Strategic study of collision risk for birds on migration and further development of the stochastic collision risk modelling tool (Work Package 1: Strategic review of birds on migration in Scottish waters)

Author(s): Woodward, I.D., Franks, S.E., Bowgen, K., Davies, J.G., Green, R.M.W., Griffin, L.R., Mitchell, C., O’Hanlon, N., Pollock, C., Rees, E.C., Tremlett, C., Wright, L. & Cook, A.S.C.P.

Published: October 2023  

ISBN: 978-1-83521-034-5

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Offshore wind farms are a key part of efforts to mitigate the impact of climate change. However, there are concerns over the potential for negative impacts on the environment, with collision risk to birds a key concern. In the UK, much of the focus for these concerns has related to seabirds, with significant effort devoted to collecting data and developing models to better understand the potential population-level consequences of collisions with offshore wind farms. However, as the number of planned developments increases, there are increasing concerns about the potential impacts on migrating birds. Previous reviews have highlighted significant uncertainty surrounding the data used to assess collision risk in migrating birds. However, in recent years technological improvements have enabled more robust data collection using approaches such as radar and GPS tracking.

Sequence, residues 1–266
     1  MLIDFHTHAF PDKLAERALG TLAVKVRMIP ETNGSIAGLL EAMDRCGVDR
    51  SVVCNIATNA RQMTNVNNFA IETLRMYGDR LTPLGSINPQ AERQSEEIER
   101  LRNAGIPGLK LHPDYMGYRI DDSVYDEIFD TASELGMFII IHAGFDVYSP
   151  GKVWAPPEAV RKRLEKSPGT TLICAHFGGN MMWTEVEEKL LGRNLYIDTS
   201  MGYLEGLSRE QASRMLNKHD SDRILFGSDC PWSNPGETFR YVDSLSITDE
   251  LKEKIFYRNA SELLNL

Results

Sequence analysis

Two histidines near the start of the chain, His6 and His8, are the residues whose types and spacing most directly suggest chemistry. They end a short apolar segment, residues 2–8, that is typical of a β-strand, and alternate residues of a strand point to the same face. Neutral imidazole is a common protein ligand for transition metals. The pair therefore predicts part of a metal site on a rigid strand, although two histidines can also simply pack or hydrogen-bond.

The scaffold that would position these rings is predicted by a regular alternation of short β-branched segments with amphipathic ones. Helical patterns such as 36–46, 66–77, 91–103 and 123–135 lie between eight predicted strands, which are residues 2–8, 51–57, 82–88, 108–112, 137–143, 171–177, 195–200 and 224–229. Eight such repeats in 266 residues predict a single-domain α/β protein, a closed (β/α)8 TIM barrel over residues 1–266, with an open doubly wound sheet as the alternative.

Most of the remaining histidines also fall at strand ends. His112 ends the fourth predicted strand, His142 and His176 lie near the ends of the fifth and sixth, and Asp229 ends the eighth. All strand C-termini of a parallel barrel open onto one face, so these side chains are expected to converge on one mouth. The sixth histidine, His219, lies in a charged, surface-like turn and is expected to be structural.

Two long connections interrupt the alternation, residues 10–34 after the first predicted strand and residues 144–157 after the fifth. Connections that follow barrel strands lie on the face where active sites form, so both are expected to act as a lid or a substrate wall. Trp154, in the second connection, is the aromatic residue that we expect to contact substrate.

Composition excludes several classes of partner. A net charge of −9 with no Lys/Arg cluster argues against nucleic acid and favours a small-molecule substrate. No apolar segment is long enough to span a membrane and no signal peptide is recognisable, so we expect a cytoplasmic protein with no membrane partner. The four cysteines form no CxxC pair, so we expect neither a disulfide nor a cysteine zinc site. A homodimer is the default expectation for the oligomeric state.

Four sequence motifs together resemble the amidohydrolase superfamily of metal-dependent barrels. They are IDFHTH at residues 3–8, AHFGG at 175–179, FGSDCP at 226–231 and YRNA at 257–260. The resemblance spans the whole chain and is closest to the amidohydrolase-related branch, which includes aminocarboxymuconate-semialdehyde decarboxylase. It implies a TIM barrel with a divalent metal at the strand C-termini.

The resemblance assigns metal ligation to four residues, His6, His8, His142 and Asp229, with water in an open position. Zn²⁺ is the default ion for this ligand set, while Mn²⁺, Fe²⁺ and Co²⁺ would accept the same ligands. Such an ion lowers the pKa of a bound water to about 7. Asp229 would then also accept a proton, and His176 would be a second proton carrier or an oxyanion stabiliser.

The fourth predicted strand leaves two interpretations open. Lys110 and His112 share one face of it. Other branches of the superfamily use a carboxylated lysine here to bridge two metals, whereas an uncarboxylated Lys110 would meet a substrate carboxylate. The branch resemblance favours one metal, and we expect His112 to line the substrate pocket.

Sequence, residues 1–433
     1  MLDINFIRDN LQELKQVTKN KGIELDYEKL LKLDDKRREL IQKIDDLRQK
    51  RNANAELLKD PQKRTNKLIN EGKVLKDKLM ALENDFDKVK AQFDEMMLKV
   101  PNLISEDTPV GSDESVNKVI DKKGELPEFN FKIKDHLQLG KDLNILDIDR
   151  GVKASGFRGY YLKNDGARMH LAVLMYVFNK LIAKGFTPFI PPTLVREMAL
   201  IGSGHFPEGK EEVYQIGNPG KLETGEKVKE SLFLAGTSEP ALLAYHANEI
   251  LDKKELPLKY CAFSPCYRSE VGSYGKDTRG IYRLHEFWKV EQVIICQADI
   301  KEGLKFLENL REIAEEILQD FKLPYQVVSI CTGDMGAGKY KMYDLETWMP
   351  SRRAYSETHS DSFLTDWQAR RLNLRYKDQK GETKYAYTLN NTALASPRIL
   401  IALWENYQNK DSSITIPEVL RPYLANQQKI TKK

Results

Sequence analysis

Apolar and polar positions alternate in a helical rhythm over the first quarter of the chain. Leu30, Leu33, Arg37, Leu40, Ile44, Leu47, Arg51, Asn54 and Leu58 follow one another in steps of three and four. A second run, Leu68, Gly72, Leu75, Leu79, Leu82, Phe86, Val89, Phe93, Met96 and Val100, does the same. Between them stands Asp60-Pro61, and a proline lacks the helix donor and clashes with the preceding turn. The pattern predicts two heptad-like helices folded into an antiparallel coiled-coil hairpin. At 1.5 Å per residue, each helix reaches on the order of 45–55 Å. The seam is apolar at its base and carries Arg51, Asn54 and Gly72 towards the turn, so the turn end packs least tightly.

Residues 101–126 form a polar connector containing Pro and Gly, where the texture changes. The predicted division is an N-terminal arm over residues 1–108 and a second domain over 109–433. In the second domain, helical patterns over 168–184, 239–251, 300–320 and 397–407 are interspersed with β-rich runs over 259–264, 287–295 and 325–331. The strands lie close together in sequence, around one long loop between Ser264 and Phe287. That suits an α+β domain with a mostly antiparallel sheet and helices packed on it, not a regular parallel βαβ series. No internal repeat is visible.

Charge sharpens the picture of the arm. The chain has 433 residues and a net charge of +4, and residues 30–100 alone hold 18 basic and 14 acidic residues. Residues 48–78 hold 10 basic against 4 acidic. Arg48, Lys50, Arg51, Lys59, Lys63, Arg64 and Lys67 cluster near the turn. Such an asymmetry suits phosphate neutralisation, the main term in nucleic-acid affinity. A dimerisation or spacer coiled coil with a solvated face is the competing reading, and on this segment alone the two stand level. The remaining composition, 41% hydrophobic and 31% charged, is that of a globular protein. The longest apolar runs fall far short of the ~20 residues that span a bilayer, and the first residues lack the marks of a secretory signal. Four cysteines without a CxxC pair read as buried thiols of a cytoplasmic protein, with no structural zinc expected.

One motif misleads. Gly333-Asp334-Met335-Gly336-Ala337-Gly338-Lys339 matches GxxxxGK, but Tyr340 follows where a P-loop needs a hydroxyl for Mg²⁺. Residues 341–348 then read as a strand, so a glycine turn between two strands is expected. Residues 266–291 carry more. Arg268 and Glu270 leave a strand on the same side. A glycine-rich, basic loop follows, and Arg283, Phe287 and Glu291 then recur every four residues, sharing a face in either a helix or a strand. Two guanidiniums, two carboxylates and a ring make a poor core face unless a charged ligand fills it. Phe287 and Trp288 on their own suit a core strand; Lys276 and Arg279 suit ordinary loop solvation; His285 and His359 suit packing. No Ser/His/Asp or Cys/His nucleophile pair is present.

We review the availability of data to inform key parameters for the assessment of collision risk to migrating birds, including.

• Population estimates;
• Migration routes;
• Migration timing;
• Flight heights;
• Flight speeds;
• Avoidance behaviour.

The focus for our review is non-seabird features of Special Protection Areas (SPAs). In total, we collate data for 70 species or species populations, and make recommendations as to how these data should be used in the assessment of collision risk for migrating birds. There remains significant uncertainty in the estimated population sizes for many species, and for most, we are reliant on relatively coarse ringing recovery data to identify potential migration routes. However, for 15 larger-bodied species, high-resolution tracking data were available, enabling us to make comparisons between the migration corridors defined using ringing recovery data and those that might be defined using tracking data. In general, the tracking data supported the identification of the relatively broad migration zones defined using ringing recovery data. Technological improvements have also enabled us to reduce uncertainty surrounding estimates of flight speed for migrating birds. However, substantial uncertainty remains both in relation to the proportions of birds at collision risk height, and the extent of avoidance behaviour.


Report by British Trust for Ornithology, Royal Society for the Protection of Birds and ECO-LG
to The Scottish Government, Crown Estate Scotland and The Crown Estate.
Staff Author(s)

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